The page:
Knowing the tax rules on giving helps you make wise financial decisions.
You want to save money.
You want to be wise with your resources.
But you also enjoy giving.
Are these mutually exclusive?
According to a recent The Newark Advocate article titled “Clarifying gifting tax misconceptions,” the answer is no.
You can give away up $14,000 to each recipient each year (increasing to $15,000 beginning January 1, 2018).
You will not have to file a Form 709 gift tax return, if you do not exceed this limit.
You can double this amount to $28,000 ($30,000 beginning January 1, 2018).
Does this mean you cannot give more than these amounts?
You can gift as much money as you please, but you must report the amount in excess on a Form 709 gift tax return.
Does this mean you have to pay taxes?
It means this amount will reduce your overall estate and gift tax exemption.
In 2017, the federal estate tax exemption is $5.49 million (increasing to $5.6 million per taxpayer on, you guessed it, January 1, 2018).
If you gave $1 million in excess of the annual amount, your estate and gift tax exemption limit would be reduced to $4.49 million.
This could cost you 40 percent on the money in your estate at death above this limit.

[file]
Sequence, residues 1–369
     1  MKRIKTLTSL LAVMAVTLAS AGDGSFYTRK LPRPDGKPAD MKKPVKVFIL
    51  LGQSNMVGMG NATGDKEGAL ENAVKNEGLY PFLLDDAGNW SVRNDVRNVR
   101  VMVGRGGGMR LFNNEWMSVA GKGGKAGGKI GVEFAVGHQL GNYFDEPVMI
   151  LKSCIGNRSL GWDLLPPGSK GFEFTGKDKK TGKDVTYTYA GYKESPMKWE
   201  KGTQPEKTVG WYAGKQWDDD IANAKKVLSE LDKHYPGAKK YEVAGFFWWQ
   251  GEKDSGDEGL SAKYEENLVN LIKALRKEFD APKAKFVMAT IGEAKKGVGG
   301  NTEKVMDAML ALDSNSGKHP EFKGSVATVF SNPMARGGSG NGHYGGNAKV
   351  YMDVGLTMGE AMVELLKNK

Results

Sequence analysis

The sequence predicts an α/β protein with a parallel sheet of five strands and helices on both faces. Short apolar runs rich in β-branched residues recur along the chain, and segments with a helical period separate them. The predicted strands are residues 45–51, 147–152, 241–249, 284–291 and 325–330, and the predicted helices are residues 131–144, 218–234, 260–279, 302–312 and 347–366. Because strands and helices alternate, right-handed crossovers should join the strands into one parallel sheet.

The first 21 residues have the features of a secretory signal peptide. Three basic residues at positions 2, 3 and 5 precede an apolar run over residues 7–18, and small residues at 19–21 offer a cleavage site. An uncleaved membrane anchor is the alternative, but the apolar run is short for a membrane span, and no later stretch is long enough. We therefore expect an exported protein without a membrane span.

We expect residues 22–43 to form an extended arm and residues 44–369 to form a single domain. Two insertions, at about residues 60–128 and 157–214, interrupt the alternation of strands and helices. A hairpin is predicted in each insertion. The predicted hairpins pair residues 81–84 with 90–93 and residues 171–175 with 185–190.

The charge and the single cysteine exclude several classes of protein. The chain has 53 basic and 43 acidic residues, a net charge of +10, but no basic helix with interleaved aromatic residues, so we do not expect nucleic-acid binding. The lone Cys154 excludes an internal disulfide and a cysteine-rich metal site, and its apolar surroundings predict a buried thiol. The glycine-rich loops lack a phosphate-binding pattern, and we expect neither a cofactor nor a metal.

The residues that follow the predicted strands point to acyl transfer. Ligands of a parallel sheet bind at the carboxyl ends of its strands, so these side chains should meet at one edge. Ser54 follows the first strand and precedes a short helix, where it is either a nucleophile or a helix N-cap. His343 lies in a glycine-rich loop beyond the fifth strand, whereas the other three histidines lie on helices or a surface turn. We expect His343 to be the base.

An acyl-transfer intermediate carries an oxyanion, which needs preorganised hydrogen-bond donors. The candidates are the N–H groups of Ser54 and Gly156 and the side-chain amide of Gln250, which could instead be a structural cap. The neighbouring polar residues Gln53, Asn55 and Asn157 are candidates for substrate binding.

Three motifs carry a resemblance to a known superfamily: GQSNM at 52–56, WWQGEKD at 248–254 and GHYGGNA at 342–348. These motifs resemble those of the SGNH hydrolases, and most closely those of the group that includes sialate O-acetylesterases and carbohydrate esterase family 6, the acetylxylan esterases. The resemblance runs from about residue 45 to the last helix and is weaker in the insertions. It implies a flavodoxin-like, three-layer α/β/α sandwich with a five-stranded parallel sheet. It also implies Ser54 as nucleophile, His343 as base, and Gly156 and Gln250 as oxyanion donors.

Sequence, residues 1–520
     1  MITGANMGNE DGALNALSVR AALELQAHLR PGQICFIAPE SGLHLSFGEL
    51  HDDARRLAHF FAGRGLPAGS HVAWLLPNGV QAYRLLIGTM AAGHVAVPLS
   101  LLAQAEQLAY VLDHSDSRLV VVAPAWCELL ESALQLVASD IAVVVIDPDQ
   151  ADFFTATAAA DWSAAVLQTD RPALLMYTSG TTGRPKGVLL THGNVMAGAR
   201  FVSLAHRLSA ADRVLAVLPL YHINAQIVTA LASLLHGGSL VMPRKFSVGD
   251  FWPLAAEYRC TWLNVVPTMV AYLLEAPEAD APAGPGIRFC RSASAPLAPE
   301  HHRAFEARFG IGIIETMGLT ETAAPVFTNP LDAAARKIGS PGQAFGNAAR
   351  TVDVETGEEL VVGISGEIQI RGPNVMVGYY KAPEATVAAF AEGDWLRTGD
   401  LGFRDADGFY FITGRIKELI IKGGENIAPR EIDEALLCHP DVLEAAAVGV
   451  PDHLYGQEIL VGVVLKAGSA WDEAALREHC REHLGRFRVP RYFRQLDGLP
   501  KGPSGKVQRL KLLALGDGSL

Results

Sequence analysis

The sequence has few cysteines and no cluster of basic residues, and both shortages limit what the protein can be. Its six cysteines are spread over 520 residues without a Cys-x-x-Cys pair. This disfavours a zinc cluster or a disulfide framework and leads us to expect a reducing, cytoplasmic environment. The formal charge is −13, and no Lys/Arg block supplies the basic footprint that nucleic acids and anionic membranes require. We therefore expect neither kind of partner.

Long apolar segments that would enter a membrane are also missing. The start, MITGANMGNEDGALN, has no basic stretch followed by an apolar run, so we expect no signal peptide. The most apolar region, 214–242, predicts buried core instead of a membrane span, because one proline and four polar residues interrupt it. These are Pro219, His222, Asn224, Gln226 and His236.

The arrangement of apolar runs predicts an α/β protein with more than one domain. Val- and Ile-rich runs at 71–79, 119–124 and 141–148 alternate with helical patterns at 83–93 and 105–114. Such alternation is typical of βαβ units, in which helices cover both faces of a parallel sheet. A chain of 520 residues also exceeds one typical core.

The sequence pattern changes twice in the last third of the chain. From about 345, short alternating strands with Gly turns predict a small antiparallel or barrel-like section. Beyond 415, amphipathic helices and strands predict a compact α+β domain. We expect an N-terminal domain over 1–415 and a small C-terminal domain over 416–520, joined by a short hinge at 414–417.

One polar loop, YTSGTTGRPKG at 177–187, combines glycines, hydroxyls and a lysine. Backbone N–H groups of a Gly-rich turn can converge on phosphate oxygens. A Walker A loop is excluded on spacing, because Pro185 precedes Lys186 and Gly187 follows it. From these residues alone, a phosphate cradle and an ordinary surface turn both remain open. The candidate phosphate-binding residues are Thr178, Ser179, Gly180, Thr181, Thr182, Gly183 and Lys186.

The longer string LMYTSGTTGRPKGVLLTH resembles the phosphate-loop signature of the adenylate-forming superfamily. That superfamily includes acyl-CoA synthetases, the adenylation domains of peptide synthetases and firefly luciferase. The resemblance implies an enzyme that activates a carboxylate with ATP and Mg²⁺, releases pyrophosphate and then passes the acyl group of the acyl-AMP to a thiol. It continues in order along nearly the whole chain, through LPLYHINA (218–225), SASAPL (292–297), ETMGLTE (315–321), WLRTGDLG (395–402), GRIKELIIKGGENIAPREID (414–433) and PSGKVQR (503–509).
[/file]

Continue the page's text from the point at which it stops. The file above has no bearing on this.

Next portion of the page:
What if your excess gifts breach the $5.49 million limit.
You will owe taxes on these.
As you can see, giving gifts is really part of your overall estate tax planning.
Work with an experienced estate planning attorney to make sure you are planning properly.
So, how do you find an "experienced" estate planning attorney?
First, ask around. Friends, family and other professional advisors are trustworthy sources.
Second, conduct an "organic" search on "Google" for "estate planning" near you (e.g., "Estate Planning Anytown MoKan").
Third, either way, verify! Check out the education, experience, ratings and client reviews of any attorney before you contact him or her.
In fact, I use both of these services to thoroughly vett attorneys before referring members of our "client" family for legal help in other areas of law or for matters in jurisdictions outside Kansas or Missouri.
Remember: “An ounce of prevention is worth a pound of cure.” When making your financial, tax and estate plans, do not go it alone. Be sure to engage competent professional counsel.
For more information about estate planning in Overland Park, KS (and throughout the rest of Kansas and Missouri), visit our estate planning website and be sure to subscribe to our complimentary estate planning e-newsletter while you are there.
Reference: Newark Advocate (September 24, 2017) “Column: Clarifying gifting tax misconceptions”